Frittish Glassblower's Uniform
A Changing LandscapeThe glassblowers of Frit have lived most of their lives as humble tradespeople. Their entrancing work stirs up enough demand in the nearby city to keep a steady trade, providing for their families and allowing for their retirement when they choose to hang up their didymium goggles. Most of their youngest generation is happy to continue in their footsteps. However, a few with a knack for business are itching to expand. The newly-formed Frit Tourism Board sees the potential in their blissful little hometown. Of course, the export of arcane foci, potion bottles, and trinkets is enough to live on… but the silica sand of the swamp gleams with inherent magic. And that can be made into an advantage. So the city council of Frit was persuaded to open its warehouses and processing kilns to the curious public. As more and more people make the day trip to the town (convinced by the barkers that were conspicuously placed at the most bustling street corners of the city), it is becoming the summer’s most trendy spot to see and be seen.
SafetySafety is paramount for a craft like theirs, even more so with the flocking tourists now underfoot. Before the addition of magic, the outdoor kilns can reach 3,000 degrees. The native swamp alligators provide the perfect leather for the aprons and gloves that guard their hands. Alligator skin boots with reinforced soles are the prized possession of most craftsmen, waterproof enough to work in the outdoor exhibition arenas and sturdy enough to protect their feet from errant shards of glass and gouts of flame. Their trademark purple glasses are polarized with a didymium filter to block out damaging flares of the kiln. Knockoffs are available in the giftshop, and are quickly becoming a fashionable accessory for the summer. Masks protect their lungs from glass filings and fumes, but those aren't the most important cloths on their bodies. Their white bandanas are splattered with the overflow and mistakes of their projects. Every craftsperson wears their personal bandana to rags as a testament to their hard work. To have a pristine white bandana is to never make a mistake. Less than a dozen Frittish craftspeople have maintained a white bandana at the time of their deaths, and so were buried with them. Their thin cotton shirts and pants are dyed in bright colors so they could be seen from anywhere in the village. The preferred color is orange, with the dye from a centuries-old recipe made from the twisting vinelike roots of the trees that sink into the water. Purples, reds, and grays are also common, but never unlucky yellow. Very few Frittish glassworks are made in yellow, preferring their other organic tones.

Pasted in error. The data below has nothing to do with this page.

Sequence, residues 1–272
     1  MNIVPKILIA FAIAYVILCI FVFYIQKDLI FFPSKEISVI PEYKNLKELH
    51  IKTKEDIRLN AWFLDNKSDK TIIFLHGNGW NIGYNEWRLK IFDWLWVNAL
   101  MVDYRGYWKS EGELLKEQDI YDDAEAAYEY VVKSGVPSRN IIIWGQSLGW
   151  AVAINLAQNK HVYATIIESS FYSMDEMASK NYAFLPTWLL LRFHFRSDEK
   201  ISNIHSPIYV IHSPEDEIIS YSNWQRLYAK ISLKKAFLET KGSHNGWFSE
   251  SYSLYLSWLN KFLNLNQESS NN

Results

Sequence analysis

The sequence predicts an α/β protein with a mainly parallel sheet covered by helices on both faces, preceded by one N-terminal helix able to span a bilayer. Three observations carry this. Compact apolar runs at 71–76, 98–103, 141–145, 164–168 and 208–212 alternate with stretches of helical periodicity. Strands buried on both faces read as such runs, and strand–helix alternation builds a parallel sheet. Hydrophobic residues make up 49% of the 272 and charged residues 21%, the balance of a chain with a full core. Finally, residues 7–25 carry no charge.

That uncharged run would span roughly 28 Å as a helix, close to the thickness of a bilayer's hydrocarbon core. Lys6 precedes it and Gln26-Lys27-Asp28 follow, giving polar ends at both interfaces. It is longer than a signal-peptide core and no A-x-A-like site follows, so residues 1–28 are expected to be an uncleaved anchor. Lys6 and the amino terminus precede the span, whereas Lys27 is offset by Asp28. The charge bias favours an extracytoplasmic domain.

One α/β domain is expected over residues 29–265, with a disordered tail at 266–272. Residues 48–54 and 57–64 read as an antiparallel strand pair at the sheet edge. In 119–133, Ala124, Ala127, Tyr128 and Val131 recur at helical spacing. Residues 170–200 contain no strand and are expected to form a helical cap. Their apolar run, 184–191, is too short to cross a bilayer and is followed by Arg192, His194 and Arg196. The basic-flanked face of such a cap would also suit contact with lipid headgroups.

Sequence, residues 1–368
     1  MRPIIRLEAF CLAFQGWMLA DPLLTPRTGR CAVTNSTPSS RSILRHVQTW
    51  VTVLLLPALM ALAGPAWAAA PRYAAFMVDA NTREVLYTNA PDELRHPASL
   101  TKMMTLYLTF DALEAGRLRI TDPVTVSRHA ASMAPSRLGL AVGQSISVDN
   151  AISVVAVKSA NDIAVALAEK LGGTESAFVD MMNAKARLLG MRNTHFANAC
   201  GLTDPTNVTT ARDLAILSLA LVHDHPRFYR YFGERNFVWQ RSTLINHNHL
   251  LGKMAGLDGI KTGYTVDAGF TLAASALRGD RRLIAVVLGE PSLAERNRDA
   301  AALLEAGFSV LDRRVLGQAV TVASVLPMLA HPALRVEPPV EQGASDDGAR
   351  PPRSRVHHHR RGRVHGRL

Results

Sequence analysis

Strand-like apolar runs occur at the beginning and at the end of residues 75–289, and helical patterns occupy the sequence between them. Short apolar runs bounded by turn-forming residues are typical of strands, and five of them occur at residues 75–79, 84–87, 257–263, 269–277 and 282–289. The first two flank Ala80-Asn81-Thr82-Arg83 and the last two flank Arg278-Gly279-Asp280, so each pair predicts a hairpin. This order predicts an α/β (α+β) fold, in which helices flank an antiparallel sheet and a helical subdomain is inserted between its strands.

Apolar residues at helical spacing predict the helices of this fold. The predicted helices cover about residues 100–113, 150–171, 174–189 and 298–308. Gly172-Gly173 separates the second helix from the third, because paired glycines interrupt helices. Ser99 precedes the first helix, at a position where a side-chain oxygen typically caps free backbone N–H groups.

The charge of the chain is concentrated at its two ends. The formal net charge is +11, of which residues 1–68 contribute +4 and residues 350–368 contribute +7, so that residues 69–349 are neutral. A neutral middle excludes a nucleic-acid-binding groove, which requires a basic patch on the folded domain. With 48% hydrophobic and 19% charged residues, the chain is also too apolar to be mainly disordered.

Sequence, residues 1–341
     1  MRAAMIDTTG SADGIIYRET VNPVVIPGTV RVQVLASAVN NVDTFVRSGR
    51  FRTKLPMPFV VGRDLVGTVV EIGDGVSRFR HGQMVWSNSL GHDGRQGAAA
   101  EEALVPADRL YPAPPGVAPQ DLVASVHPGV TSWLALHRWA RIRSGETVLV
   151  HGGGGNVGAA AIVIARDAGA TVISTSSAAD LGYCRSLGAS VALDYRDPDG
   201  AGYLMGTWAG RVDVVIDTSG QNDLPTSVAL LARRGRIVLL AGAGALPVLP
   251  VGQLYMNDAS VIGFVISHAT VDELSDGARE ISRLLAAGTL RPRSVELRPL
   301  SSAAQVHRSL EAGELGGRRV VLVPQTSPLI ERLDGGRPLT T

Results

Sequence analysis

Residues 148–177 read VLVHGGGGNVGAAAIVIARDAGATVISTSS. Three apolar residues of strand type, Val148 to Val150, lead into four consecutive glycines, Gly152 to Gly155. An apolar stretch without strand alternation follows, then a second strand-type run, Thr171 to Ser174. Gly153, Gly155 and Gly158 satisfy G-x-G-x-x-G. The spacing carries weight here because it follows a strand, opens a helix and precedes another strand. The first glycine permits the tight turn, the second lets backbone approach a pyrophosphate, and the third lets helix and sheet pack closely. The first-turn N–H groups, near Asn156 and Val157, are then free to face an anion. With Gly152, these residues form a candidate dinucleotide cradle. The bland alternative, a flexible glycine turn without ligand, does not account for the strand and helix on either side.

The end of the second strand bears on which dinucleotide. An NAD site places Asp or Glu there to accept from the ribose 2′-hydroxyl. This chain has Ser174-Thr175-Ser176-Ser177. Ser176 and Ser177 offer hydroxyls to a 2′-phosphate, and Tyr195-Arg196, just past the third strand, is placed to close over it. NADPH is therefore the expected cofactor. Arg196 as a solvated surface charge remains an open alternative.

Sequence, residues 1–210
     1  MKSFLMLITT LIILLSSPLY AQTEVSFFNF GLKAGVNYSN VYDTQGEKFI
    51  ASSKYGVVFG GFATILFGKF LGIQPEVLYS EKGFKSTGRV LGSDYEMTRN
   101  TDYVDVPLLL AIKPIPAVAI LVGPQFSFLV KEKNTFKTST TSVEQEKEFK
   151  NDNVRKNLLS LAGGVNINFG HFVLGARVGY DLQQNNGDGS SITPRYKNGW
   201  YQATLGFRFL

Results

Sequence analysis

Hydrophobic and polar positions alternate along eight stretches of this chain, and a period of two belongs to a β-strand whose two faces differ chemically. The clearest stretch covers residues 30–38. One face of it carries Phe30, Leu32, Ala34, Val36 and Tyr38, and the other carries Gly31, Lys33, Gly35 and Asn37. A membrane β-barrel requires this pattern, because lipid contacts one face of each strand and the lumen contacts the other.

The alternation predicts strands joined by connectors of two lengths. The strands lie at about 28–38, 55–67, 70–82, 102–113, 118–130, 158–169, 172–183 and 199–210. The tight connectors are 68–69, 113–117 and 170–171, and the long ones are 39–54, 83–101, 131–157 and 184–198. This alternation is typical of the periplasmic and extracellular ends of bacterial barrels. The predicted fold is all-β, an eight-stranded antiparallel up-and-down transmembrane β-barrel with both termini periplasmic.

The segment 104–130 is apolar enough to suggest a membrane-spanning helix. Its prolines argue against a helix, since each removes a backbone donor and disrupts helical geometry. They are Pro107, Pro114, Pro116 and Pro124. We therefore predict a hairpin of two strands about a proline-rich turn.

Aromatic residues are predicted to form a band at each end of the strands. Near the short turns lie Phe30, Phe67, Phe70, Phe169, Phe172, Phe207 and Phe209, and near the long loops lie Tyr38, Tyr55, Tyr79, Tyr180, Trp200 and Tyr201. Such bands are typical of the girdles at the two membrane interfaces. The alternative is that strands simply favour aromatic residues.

Woes for the ShowThe Tourism Board had a “few suggestions” when the Glassworks Tours opened. The old uniforms were a little dowdy to be on the front page of the newsletter. Just a few tweaks, they promised. Nothing major. Like the removal of back pockets from the uniform to "smooth out the silhouette," and the dyeing of the facemask to "complete the color story" because the old bandanas are "unpredictable." The current goggles aren't as protective as they once were. The previous wraparound model was "closed off" and “separated the audience from the show.” The sideshields and adjustable straps were removed in favor of larger lenses and glasses chains. This has led to an increase in "Frittish freckles" - tiny circular burns at the temples where the glasses no longer protect the skin from flying molten glass, or the heat of the glasses chain leaving a red burn. The yellow gold is considered bad luck. Not only does it have a lower melting point than iron from which their previous goggles were made, the color yellow is associated with occasional dangerous sodium flares from the kiln. Many grumbles were made at the town council meeting that approved the “logo” of the city, a cursive F with a glassblower’s bubble at the bottom of the letter, glittering in gold. Somehow, those against the change were outvoted.
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